Friday, September 4, 2015

Special ops diversity woes dog Pentagon

Special ops diversity woes dog Pentagon: Concerns about diversity in special operations forces within the Pentagon — and on Capitol Hill — date back to the mid-1990s, but a host of social issues have kept the elite forces disproportionately white more than 15 years later.

U.S. Special Operations Command leaders, spurred by concern in the House of Representatives, commissioned a report in 1999 by the RAND National Defense Research Institute to determine why so few minorities joined special operations forces like the Navy SEALs and the Army's Green Berets. Many of the issues found then — passing the rigorous swimming test, for example — remain barriers to diversifying their ranks, according to a senior Pentagon official who was not authorized to speak publicly.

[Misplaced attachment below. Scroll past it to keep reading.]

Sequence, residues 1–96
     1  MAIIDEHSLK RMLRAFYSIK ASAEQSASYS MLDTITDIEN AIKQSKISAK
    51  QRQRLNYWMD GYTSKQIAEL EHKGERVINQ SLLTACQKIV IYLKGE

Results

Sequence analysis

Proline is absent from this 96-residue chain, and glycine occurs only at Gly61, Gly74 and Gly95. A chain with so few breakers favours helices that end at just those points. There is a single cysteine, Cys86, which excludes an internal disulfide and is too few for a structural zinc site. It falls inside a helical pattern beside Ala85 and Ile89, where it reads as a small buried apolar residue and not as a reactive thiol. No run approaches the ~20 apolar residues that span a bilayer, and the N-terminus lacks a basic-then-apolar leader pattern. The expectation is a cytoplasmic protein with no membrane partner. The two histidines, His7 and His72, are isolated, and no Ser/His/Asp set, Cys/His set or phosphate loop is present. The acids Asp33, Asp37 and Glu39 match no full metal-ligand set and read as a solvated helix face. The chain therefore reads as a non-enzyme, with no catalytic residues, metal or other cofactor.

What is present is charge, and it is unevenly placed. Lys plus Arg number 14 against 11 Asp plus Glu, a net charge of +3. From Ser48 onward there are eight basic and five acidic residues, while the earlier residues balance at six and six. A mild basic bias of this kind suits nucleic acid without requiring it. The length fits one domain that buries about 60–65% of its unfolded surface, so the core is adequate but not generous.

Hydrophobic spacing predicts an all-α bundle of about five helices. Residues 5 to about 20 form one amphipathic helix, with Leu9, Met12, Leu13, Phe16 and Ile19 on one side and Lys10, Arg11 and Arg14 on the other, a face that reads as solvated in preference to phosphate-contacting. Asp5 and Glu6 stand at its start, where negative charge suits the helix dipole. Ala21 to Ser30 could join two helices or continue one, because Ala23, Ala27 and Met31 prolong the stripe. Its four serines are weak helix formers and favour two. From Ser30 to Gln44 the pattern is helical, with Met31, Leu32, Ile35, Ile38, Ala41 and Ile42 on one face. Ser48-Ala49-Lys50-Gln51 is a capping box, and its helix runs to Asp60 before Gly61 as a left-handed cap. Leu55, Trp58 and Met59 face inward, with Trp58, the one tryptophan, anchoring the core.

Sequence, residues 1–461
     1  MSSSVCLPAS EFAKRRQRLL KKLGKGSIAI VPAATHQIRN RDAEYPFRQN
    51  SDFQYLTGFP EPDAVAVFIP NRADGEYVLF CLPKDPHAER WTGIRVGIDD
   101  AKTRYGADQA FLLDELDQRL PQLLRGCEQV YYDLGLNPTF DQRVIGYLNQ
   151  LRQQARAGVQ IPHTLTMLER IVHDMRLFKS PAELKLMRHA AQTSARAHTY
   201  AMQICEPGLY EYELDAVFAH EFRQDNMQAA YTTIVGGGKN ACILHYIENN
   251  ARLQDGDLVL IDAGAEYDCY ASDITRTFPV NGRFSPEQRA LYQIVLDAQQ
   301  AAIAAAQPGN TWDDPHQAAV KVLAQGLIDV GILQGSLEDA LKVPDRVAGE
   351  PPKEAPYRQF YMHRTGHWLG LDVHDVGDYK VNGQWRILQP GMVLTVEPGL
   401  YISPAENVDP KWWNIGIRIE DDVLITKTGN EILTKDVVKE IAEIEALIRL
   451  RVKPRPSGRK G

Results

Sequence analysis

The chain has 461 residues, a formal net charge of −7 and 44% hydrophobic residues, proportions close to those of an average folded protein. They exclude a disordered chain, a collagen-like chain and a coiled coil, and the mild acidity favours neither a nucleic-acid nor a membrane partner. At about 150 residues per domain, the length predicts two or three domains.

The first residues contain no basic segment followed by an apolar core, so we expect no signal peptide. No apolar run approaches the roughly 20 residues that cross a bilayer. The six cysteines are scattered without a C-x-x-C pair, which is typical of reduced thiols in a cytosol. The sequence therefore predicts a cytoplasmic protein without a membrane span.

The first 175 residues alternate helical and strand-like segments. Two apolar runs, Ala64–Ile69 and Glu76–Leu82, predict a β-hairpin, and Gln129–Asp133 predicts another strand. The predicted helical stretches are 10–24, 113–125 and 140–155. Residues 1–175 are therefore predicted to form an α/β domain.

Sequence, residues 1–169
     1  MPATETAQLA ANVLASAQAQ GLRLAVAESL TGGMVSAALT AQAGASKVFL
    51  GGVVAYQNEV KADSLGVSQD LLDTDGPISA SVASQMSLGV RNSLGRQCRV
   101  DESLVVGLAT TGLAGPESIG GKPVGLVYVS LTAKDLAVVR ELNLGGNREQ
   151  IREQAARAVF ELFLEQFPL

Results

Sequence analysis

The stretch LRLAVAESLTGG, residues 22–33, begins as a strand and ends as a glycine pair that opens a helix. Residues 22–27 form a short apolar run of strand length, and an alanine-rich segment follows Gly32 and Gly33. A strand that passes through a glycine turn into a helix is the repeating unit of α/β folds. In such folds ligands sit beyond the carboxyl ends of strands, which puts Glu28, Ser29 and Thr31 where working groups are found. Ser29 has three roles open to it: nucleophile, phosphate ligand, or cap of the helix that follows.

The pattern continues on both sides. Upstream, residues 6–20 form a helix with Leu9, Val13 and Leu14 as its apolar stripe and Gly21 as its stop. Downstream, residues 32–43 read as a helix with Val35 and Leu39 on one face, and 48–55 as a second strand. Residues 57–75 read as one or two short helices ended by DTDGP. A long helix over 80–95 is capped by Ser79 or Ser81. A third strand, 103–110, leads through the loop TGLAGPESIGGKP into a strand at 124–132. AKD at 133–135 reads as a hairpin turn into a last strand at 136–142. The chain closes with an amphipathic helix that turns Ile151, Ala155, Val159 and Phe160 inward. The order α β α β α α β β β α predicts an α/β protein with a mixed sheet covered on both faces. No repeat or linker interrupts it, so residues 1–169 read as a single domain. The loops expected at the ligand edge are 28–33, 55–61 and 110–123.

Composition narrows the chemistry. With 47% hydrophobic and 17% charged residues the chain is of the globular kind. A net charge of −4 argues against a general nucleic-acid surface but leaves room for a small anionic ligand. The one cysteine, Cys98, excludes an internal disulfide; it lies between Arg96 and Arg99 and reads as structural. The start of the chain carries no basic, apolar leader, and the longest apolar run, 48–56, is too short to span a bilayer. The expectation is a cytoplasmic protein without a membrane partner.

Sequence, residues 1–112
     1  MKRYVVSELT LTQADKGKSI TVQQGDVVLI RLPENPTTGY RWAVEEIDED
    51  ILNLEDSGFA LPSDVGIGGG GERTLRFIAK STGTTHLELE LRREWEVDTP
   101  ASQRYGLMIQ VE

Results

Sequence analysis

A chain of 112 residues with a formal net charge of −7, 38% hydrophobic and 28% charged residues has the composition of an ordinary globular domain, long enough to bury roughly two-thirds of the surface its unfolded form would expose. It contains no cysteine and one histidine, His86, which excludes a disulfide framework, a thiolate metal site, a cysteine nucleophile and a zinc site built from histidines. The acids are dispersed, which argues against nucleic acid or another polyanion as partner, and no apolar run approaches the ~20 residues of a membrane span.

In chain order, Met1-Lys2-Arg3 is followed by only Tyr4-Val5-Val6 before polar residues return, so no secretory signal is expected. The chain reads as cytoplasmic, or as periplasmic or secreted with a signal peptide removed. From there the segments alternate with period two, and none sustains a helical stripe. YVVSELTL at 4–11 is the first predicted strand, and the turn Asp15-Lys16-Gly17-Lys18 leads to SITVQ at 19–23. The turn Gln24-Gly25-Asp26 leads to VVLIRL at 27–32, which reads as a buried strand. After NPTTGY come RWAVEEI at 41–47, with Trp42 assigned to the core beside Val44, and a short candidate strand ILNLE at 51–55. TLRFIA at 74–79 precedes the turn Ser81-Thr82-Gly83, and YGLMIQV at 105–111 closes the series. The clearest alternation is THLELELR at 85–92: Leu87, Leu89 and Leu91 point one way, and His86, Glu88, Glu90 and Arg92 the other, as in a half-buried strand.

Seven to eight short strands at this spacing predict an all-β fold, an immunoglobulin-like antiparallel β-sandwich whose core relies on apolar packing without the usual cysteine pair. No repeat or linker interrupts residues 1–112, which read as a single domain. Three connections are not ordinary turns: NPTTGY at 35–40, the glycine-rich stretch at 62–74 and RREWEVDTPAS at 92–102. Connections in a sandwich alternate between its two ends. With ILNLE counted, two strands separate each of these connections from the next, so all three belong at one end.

Last month, USA TODAY reported that despite the emphasis placed on diversifying the military by officials such as Defense Secretary Ash Carter and Army Gen. Joseph Votel, the top officer at Special Operations Command, the military's most elite forces continue to be led and manned mainly by white officers and troops. Military records show that African Americans make up 1% of the Navy SEAL officers despite outreach programs that have been in place for years.